kheru2006 (kheru2006) wrote,

We are our own moral guardian

THE Malay words “pendatang” and “binatang” are two different words with two different meanings that are not offensive if used with practical meaning. The former means immigrants and the latter animals.

The words may also be uttered in isolation with literal meaning. They could be very offensive if referred to a sensitive Malaysian, who is neither a “pendatang” nor an animal, but we often hear these words being used to refer to illegal immigrants (“pendatang haram”) these days.

Once, I heard the word “pendatang” being uttered in Parliament to refer to another Malaysian who was not a Malay, and the word offended him. This became a controversial issue not only in Parliament but also in public.

No government can police us in respecy of good behaviour

Some Malays would use the word “binatang” on another person who is ill-mannered, cruel, aggressive, violent, a wife beater, a bully, a rapist, etc, by uttering “Awak ini binatang”, or “Binatang punya orang”.

Most words in any language are meant to be good if they are used with good intention and with practical meaning, but could be offensive if used to hurt the feelings of others.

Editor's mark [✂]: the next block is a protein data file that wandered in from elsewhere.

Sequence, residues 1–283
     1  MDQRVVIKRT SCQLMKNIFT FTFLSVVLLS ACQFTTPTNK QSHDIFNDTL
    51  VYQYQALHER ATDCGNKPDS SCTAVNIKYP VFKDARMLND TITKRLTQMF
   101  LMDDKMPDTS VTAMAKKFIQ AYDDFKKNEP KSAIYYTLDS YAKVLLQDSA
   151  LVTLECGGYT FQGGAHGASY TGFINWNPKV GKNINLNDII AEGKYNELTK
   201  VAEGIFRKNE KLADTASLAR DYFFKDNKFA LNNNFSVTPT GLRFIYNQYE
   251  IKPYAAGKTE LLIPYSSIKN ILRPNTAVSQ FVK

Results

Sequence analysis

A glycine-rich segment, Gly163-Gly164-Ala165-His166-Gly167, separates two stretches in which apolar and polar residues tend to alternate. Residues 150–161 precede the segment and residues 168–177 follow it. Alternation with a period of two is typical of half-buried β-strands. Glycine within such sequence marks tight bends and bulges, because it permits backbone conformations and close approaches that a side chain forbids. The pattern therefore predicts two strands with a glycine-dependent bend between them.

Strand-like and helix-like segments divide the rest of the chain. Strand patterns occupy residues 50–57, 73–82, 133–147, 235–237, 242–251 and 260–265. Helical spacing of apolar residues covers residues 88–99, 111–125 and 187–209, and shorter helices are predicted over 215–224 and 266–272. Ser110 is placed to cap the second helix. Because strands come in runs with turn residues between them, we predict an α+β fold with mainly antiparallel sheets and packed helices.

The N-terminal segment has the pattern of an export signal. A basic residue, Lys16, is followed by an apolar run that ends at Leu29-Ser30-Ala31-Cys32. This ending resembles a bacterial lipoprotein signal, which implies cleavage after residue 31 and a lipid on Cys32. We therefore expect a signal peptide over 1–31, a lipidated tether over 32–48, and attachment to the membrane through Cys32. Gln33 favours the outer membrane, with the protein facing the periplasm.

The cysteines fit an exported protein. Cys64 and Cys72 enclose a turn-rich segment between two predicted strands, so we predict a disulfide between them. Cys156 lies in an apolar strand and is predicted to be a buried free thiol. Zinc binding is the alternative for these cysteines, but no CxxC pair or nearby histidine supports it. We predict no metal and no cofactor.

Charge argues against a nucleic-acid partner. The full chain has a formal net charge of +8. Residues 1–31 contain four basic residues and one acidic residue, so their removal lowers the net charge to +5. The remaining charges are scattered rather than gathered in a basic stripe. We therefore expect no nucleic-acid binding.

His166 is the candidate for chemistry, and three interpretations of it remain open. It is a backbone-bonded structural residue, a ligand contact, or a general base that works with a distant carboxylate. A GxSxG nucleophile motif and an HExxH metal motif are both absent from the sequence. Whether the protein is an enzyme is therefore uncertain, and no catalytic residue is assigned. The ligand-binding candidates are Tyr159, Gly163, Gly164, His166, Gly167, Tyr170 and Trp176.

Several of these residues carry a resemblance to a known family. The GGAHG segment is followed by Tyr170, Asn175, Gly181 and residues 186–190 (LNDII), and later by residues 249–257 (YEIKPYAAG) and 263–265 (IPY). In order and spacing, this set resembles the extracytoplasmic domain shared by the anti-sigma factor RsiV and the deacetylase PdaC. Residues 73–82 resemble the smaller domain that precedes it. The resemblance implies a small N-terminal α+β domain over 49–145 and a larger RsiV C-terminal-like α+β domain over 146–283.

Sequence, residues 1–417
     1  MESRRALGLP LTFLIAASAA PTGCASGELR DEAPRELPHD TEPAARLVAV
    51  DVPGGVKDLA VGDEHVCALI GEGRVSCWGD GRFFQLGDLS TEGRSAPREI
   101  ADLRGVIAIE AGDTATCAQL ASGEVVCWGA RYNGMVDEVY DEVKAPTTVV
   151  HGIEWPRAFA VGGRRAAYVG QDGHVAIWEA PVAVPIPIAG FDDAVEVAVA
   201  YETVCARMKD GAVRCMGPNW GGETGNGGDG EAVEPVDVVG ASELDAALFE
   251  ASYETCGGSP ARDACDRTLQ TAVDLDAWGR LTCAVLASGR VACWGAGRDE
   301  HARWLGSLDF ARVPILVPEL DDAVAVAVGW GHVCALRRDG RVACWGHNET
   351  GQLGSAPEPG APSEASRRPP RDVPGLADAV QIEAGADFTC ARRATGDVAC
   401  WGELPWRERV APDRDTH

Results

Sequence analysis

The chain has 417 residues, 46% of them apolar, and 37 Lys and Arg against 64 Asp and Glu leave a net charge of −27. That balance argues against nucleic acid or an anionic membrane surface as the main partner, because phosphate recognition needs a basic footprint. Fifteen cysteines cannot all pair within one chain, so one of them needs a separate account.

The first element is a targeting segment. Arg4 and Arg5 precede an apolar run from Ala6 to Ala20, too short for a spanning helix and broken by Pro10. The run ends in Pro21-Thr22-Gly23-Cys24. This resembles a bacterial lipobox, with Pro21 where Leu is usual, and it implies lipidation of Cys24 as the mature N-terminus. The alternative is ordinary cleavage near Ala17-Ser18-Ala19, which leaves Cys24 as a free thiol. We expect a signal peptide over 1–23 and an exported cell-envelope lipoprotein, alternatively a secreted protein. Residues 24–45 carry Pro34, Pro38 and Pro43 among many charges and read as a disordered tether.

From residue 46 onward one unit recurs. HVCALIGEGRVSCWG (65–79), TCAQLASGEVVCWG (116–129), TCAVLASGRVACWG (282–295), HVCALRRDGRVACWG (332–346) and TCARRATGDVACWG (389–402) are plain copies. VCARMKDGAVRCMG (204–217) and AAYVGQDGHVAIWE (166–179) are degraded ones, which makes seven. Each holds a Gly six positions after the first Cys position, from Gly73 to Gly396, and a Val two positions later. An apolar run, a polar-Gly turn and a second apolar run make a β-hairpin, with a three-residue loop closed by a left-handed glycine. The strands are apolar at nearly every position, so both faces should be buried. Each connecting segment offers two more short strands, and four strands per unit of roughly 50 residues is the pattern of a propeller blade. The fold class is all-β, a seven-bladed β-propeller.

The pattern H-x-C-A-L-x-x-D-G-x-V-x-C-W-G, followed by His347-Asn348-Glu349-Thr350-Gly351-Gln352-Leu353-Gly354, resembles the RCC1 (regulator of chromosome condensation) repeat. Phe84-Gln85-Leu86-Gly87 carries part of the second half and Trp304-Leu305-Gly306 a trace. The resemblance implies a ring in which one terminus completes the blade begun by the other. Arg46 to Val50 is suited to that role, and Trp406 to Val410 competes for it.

Today, these words are seldom heard or used any more, not because they were outlawed by the government but because people began to realise that it is morally wrong to degrade or insult other people.

Rukun Negara was introduced in 1970, and the government’s effort in uniting the people seems to be effective. Recently, the issue arose again in these pages when Tan Sri Lee Lam Thye urged the government to be tough and act against any Malaysian who calls a fellow Malaysian “pendatang”.

Name-calling among Malaysians is as common as a duck taking to water. It would be unethical for the government to take action against or outlaw any Malaysian who called another Malaysian a “pendatang”.

I strongly feel that if a Malaysian who was born and bred here abides by the principles of Rukun Negara, which, among others, emphasises the importance of good behaviour and morality, being loyal and patriotic to king and country, respecting the national anthem, flag, language, each other’s culture, customs and religion, and having the sense of belonging to one’s beloved country,

I am sure one will not be referred to as a “pendatang”. It is regrettable that not all Malaysians are doing this, or care. It is important to behave and differentiate between right and wrong.

We are our own moral guardian and no one or no government can police us in respect of good behaviour and morality.
Tags: pati

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